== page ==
Strategic Operations (STOPS) uses a Galil DMC-4080 8-axis Ethernet motion controller and servo drive package in their Ballistic Unmanned Ground Vehicle (BUGV) used in their Hyper-Realistic training environments for military, law enforcement and homeland security operations.
Designed for training operations, no live driver sits in the BUGV; just hyper realistic foam mannequins. Real people operate the vehicle via a sophisticated remote control device. Key driving functions are managed by the Galil DMC-4080 8-axis Ethernet motion controller which incorporates two Galil D3040 4-axis, 500 W drives operating at voltages between 20 V and 80 V and peak currents up to 10 A per axis.
Three of the axes of the Galil DMC-4080 control the steering, shifting and throttle actions, while a fourth axis is used for additional steering requirements. Another axis is used for controlling a machine gun mounted inside the vehicle which fires blanks at the trainees. The remaining three axes are reserved for testing and other features. STOPS uses some of the controller input/output (I/O) to operate relays that energize such functions as the ignition or turn signals.
A key factor why STOPS specified the Galil controller is its ability to function with utmost reliability inside a vehicle subject to extremely harsh conditions, like wide-ranging temperatures of -10° C to 65° C; dusty, loose and uneven terrain; real ammunition and explosives; and chemicals. For STOPS, failure is not an option with the controller.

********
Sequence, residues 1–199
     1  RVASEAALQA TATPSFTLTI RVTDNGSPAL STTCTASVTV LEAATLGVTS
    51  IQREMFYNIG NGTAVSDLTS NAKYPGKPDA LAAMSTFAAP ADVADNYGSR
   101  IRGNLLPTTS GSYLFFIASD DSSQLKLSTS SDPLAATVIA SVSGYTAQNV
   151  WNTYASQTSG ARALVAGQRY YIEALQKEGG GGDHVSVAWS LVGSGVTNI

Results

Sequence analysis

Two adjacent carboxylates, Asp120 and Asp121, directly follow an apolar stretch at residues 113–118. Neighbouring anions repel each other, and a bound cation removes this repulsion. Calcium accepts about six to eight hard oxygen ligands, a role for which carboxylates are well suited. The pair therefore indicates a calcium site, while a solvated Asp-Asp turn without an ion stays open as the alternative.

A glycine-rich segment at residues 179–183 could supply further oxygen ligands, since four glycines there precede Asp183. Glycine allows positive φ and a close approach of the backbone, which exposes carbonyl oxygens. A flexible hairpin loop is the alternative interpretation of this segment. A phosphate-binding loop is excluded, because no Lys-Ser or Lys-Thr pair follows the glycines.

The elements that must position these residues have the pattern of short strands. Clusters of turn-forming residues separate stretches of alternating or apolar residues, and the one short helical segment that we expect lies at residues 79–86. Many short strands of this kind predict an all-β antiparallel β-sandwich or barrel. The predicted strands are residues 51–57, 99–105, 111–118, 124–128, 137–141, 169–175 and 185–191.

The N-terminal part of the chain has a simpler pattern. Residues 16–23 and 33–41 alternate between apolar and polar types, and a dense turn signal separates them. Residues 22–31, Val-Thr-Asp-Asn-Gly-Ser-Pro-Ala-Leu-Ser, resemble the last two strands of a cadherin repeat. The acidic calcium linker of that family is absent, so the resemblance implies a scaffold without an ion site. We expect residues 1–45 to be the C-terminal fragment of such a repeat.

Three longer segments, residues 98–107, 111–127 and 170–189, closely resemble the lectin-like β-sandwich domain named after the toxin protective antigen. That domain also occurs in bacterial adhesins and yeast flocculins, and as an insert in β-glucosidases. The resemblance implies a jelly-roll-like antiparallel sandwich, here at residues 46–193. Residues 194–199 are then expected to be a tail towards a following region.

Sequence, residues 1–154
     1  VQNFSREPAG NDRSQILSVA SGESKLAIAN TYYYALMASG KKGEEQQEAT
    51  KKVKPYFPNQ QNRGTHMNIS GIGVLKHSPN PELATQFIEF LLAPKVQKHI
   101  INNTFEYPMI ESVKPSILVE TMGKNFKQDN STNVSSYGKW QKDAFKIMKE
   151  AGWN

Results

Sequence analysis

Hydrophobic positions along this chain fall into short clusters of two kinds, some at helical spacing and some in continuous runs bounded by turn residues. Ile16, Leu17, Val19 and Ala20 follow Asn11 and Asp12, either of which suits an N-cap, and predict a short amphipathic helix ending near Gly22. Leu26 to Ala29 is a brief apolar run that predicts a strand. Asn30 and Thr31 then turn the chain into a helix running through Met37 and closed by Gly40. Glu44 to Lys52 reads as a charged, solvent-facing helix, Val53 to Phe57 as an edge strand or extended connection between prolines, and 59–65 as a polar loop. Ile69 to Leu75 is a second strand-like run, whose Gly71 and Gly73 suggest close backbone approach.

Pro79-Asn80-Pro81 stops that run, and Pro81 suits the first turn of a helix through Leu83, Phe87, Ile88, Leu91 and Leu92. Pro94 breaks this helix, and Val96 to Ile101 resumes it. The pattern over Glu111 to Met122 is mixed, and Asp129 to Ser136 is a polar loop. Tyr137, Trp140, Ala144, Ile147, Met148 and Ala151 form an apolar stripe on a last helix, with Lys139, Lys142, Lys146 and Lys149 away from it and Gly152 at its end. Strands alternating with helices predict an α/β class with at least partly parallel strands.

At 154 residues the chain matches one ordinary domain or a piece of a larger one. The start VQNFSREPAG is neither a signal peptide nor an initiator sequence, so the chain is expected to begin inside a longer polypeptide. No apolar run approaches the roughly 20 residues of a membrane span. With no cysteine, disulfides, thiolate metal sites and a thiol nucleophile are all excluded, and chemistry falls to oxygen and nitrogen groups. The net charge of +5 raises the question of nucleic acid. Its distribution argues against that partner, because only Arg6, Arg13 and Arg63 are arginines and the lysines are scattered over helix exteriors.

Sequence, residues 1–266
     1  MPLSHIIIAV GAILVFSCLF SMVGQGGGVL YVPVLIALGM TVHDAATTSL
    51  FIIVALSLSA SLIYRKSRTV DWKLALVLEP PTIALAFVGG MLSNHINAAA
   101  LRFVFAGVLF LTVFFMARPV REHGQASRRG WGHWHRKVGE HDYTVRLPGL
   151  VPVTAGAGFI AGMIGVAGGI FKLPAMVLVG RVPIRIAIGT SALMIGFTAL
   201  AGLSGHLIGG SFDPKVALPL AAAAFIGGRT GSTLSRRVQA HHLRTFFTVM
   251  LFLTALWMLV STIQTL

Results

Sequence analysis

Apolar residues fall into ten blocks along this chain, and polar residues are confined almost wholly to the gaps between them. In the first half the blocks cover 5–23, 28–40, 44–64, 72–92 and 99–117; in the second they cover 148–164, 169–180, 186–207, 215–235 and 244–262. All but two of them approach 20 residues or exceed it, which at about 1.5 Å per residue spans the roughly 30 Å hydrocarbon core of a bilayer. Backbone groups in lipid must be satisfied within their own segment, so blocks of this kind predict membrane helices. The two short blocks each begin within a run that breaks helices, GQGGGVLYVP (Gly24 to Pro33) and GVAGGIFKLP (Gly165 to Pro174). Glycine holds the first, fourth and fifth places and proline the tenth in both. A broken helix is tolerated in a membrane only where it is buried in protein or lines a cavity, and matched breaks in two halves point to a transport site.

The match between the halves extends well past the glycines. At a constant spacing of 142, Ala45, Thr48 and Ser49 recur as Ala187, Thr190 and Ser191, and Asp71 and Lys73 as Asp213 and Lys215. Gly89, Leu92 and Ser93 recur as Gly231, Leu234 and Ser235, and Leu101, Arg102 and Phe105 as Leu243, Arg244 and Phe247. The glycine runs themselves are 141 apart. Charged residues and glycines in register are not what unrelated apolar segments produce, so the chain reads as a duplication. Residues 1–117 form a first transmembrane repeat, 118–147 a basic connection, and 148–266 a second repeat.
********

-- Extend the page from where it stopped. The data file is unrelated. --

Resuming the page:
“The overall robustness of the Galil controller is impressive,” said Kit Lavell, executive vice president for Strategic Operations, who liked how the Tell Torque feature of the DMC-4080 takes readings from the motor of the BUGV to determine the harshness of the terrain it is on, and then delivers its findings to the remote control “driver” so he can either ease down or rev up the engine accordingly.
Other Galil features play significant roles in operating the BUGV, such as the Homing Routine and Limits feature which allows for safe power-up of the vehicle and re-centering of the wheels for each training session.
“We also use Galil’s Position Tracking Mode to send position data streams from the host to the four axes used for driving the BUGV. The data throughput is excellent, with no issues, no latency,” said Lavell.
STOPS engineers found the native Galil programming language easy-to-use, which helped enable them to incorporate several safety routines into the operating system. For example, whenever the controller does not receive a data stream, it goes into a fail-safe routine that brings the vehicle to a stop.